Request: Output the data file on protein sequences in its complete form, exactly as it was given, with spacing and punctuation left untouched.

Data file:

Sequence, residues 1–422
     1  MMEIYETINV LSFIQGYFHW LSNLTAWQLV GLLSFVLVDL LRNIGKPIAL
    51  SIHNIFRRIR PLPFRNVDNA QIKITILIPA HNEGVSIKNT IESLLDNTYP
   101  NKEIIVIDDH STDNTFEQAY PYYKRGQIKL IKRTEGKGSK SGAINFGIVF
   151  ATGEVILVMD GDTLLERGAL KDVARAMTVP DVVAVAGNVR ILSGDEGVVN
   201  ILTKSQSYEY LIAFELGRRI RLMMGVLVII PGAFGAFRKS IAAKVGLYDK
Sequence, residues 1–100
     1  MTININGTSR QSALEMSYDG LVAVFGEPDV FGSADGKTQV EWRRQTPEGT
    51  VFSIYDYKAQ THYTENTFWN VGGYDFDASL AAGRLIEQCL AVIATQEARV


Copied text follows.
Sequence, residues 1–422
     1  MMEIYETINV LSFIQGYFHW LSNLTAWQLV GLLSFVLVDL LRNIGKPIAL
    51  SIHNIFRRIR PLPFRNVDNA QIKITILIPA HNEGVSIKNT IESLLDNTYP
   101  NKEIIVIDDH STDNTFEQAY PYYKRGQIKL IKRTEGKGSK SGAINFGIVF
   151  ATGEVILVMD GDTLLERGAL KDVARAMTVP DVVAVAGNVR ILSGDEGVVN
   201  ILTKSQSYEY LIAFELGRRI RLMMGVLVII PGAFGAFRKS IAAKVGLYDK
Sequence, residues 1–100
     1  MTININGTSR QSALEMSYDG LVAVFGEPDV FGSADGKTQV EWRRQTPEGT
    51  VFSIYDYKAQ THYTENTFWN VGGYDFDASL AAGRLIEQCL AVIATQEARV